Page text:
Pierre-Laurent Aimard - Messiaen: Catalogue d'Oiseaux The 20th Century master's magnum opus of birdsong for 88 keys receives a gorgeous - a likely definitive - treatment from Aimard. If this is a Messiaen mountain you've been waiting to climb, let Aimard be your guide.

Igor Levit - Life It's wonderful to see this supremely talented pianist broadening his palate well beyond often recorded works by Bach and Beethoven. Here he blends Busoni and Liszt transcriptions of Bach and Wagner with Schumann's last work and pieces by Frederic Rzewski and Bill Evans for his most personal collection to date.

Lubomyr Melnyk - The Dreamers Ever Leave You and Fallen Trees Combining Melnyk's ecstatic and romantic approach to minimalism with ballet was a brilliant stroke and even without seeing the movement, Melnyk's inspiration feels very immediate. Fallen Trees is more of a group effort, with several of Melnyk's label-mates from Erased Tapes taking part - but his immersive vision is at the forefront.

Dmitri Evgrafov - Return Following on from his stunning and immersive Comprehension Of Light, Evgrafov narrows his focus on this EP, putting his melancholy piano in the foreground and proving that a limited palate hardly tones down his epic tendencies.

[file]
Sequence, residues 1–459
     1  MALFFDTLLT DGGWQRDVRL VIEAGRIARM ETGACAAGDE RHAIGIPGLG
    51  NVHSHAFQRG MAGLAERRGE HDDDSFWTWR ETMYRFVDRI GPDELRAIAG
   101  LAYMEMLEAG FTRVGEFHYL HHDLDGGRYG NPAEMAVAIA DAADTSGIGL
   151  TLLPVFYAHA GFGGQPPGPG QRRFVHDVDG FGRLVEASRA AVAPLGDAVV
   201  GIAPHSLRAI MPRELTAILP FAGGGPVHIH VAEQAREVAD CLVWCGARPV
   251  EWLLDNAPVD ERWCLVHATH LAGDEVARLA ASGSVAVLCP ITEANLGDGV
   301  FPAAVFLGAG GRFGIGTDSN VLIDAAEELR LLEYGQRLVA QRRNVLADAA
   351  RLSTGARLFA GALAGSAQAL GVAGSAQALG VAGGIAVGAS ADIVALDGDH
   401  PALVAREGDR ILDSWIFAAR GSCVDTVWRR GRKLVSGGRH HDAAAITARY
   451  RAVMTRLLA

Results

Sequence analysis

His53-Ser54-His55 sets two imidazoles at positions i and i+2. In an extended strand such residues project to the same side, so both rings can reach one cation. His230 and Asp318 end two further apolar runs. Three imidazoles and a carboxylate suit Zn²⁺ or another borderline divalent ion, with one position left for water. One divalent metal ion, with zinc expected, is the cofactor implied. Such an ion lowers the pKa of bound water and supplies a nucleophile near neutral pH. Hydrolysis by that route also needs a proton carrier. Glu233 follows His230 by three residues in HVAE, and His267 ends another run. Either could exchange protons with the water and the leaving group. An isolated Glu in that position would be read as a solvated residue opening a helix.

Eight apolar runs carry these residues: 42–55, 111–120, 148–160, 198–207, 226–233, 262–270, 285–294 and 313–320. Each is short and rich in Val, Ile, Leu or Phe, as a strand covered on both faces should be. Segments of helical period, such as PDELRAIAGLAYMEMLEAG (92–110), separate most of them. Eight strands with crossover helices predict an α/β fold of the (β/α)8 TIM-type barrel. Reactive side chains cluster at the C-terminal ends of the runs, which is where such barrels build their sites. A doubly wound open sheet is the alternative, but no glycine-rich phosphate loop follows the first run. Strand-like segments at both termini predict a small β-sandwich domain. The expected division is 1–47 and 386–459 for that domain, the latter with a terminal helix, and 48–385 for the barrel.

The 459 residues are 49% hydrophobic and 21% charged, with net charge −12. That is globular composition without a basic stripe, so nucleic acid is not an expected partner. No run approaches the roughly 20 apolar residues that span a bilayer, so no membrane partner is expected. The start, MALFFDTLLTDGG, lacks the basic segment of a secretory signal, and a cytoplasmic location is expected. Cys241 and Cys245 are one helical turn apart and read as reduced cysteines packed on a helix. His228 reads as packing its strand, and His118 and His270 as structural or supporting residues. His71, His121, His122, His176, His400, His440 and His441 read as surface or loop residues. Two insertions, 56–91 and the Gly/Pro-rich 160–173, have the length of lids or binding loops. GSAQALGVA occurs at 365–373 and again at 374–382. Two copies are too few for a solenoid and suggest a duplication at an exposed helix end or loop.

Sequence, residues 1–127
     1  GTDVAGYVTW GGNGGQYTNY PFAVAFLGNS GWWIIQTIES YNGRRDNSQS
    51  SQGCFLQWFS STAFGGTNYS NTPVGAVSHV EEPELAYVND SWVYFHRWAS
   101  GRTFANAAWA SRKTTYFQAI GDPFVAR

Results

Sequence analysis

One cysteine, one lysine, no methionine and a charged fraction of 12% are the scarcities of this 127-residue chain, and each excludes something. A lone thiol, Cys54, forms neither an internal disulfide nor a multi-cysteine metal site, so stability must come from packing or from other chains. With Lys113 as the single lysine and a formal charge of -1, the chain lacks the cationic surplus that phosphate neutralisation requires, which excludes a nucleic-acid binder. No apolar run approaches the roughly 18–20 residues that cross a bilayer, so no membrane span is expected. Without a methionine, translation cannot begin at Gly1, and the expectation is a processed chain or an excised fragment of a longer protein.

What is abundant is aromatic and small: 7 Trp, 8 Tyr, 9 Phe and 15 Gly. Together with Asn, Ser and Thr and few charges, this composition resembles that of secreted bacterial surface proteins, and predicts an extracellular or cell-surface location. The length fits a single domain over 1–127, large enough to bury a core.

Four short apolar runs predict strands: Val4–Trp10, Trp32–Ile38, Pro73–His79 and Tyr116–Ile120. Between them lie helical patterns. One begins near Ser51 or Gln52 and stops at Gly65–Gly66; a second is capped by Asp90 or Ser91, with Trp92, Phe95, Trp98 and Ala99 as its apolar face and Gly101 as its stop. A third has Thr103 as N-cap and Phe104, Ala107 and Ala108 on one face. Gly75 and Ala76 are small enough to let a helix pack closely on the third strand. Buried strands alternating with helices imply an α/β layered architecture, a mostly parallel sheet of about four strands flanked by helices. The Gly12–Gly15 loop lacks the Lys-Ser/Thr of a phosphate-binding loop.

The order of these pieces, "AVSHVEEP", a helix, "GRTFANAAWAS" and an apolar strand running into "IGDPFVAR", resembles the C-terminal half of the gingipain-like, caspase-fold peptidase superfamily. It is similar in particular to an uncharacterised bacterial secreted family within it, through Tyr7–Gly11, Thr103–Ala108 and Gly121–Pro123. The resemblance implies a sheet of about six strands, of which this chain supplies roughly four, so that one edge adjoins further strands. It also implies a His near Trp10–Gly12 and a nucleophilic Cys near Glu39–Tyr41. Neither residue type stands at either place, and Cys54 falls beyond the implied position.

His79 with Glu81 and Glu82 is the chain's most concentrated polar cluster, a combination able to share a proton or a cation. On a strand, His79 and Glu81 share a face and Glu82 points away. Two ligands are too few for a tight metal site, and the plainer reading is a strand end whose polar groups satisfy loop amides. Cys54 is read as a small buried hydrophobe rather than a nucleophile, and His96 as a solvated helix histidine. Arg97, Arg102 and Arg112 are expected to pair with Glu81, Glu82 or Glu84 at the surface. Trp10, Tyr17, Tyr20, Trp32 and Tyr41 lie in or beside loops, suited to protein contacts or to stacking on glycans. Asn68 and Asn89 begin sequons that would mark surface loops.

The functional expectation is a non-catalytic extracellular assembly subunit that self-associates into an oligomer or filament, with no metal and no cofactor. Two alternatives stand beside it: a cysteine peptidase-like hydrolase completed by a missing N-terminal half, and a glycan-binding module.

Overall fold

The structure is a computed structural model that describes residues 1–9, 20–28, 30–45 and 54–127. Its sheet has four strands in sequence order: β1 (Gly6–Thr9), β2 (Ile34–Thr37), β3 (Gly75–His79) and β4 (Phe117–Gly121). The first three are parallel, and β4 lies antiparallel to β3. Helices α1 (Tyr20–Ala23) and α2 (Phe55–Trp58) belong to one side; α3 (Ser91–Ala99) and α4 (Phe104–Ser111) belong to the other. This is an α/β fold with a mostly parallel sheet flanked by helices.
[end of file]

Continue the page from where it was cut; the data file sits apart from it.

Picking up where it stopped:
Tigran Hamasyan - For Gyumri This Armenian pianist is usually sorted with jazz, but his meditative pieces, especially on this EP, rub shoulders more naturally with the keyboard vanguard in this category. Put another way, when I want to listen to jazz piano I don't reach for Hamasyan, but if I've already listened to Melnyk or Evgrafov and want to keep the mood going I will.

Hauschka - Adrift and Patrick Melrose A contemporary savant of the prepared piano, Hauschka embarrassed us with many riches in the realm of soundtracks. These two are just the ones that stood out for me, with the first capturing the external loneliness of the open sea and the second exposing the contours of a different kind of loneliness, that of the acerbic character created by Edward St. Aubyn and played to a T by Benedict Cumberbatch.